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Old 16th October 2014, 08:30 PM   #1
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Default Interesting old speaker w/dual L-pads

While I was cleaning out the house I grew up in recently I had a look at our old stereo system. One interesting thing I found was the Synergistics speakers, a brand no one has ever heard of. My Father bought these in the mid-70's and they were probably a mid-quality range item at the time. The drivers were all flush mounted, the midrange is housed in a closed chamber made of a heavy cardboard tube, and the acoustic suspension cabinet is well stuffed with fiberglass. These speakers have some interesting features I have not seen before. I am curious if any of you have come across anything like these before.

The drivers are all paper cones. The midrange unit has a dual cone and is of Belgian manufacture. I don't know what Belgian company was in the speaker business at that time. The tweeter is a typical 2" paper cone. The woofer does not have markings indicating origin, and it does not have a ferrite magnet like the mid and tweeter have. It looks like it may be an Alnico magnet inside a steel "cage". Finally, the crossovers for both the midrange and tweeter have adjustment pots on the rear plate. This looks like two L-pads. I'm guessing they must have been thinking you could compensate for room size or near wall placement with this adjustment system. I have never seen dual L-pads used.
See the the attached pictures.

The woofers have thick and sturdy paper cones with a lot of raw pulp texture on the back, and the dust caps are linen. You can see the end of the steel pole piece through the caps. The bass is probably the best feature of these speakers - very strong and decently deep, probably 40 Hz. If those woofers were run with a cross-over instead of full range I bet they could sound quite good. I might save them for a project, maybe garage speakers or something.
Attached Images
File Type: jpg Synergistics1.jpg (16.9 KB, 136 views)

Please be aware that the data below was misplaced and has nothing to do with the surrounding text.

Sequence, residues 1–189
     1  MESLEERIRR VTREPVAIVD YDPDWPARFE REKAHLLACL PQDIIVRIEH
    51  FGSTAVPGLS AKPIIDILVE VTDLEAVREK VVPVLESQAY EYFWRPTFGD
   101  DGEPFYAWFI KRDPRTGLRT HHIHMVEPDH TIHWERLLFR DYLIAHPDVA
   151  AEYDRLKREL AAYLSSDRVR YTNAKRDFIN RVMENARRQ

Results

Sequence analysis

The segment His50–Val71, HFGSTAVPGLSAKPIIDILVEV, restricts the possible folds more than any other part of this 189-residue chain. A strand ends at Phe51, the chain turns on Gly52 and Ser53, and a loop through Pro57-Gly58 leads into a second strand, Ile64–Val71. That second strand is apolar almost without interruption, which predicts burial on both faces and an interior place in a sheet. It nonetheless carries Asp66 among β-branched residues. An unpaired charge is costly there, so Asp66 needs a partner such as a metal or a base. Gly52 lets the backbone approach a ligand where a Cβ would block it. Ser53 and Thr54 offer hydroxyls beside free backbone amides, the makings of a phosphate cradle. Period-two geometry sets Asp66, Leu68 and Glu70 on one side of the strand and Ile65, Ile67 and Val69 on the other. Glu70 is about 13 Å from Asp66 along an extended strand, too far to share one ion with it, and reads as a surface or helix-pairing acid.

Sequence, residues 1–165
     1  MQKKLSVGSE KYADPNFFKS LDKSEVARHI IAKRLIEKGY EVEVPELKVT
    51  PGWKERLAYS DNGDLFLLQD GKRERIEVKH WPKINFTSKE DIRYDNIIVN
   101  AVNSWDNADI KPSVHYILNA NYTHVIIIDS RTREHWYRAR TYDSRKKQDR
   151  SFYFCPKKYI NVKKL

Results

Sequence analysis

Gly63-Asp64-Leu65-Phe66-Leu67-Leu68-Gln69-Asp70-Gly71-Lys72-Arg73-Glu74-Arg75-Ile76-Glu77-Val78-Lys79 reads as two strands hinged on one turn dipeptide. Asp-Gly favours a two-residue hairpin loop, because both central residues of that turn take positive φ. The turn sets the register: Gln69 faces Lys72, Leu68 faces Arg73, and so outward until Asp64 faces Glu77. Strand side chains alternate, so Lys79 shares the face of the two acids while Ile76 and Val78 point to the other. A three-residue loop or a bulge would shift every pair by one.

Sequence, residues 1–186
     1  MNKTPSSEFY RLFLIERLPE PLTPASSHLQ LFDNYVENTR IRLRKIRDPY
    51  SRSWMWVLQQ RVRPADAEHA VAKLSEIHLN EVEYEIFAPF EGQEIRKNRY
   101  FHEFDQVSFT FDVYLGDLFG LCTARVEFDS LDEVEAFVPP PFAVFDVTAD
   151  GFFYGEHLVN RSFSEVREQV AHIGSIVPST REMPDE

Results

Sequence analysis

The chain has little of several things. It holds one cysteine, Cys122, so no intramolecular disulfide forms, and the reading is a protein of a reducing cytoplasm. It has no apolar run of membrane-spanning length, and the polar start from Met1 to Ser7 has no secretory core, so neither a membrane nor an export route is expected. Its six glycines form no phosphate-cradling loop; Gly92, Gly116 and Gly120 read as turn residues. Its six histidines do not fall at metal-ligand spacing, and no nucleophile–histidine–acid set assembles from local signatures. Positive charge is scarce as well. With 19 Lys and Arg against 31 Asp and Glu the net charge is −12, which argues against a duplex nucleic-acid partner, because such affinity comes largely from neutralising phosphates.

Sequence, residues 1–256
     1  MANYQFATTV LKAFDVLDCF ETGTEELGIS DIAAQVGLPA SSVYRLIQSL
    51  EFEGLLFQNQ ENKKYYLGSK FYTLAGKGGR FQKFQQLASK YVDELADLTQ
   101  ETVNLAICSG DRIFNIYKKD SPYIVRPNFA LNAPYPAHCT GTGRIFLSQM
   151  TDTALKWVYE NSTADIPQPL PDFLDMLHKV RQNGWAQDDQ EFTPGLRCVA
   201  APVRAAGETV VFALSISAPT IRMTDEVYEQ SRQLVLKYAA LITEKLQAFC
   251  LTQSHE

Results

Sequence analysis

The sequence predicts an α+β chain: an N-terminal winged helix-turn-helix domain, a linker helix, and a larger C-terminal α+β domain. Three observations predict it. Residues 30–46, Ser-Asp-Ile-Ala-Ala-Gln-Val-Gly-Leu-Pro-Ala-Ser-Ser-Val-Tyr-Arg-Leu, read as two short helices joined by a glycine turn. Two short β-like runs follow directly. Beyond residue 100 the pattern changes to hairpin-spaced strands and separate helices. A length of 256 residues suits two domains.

File Type: jpg Synergistics2.jpg (49.4 KB, 133 views)
File Type: jpg Synergistics3_mid.jpg (54.8 KB, 132 views)
File Type: jpg Synergistics4_mid-Belgium.jpg (41.7 KB, 131 views)
File Type: jpg Synergistics5-nameplate.jpg (14.4 KB, 129 views)
File Type: jpg Synergistics6_Adj-XO!.jpg (38.4 KB, 64 views)
File Type: jpg Synergistics7_XO-detail.jpg (69.2 KB, 64 views)
File Type: jpg Synergistics8_Woofer-no-ferrite.jpg (59.6 KB, 68 views)
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Old 16th October 2014, 09:27 PM   #2
system7 is offline system7  United Kingdom
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Fascinating old clunker there. I like it! Nice photo essay too.

I suppose it's made in the USA, but the mid is a Dutch Philips AD 5061 M8 on 6uF HP filter. Google it. Almost a full ranger. Can be ferrite or AlNiCo magnet.

The bass looks quite decent too. Rubber roll surround that might come up nicely with some silicone grease. Those linen dustcaps work well, IMO. Like no dustcap at all acoustically.

Cone tweeter on 3uF HP filter. Nothing wrong with that. Could even be that classic Peerless mylar cone used by Mc.Intosh a lot.

Many speakers of this era used series crossovers. Yours is quite simplistic, but you could do a lot with it to improve it IMO. I think you could get it sounding very good.

Simple parallel crossovers discussed here: SEAS Kit 503

Below is a 4 ohm Tandberg HiFi 15 design from this era, which used a series filter on a similar driver compliment. A lost art, IMO. Old speakers always interesting. Thankyou for sharing.
Attached Images
File Type: jpg Tandberg HiFi 15 Front.JPG (22.1 KB, 57 views)
File Type: jpg Tandberg HiFi 15.JPG (51.2 KB, 34 views)
File Type: png Tandberg HiFi 15.PNG (10.2 KB, 48 views)
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Old 16th October 2014, 09:35 PM   #3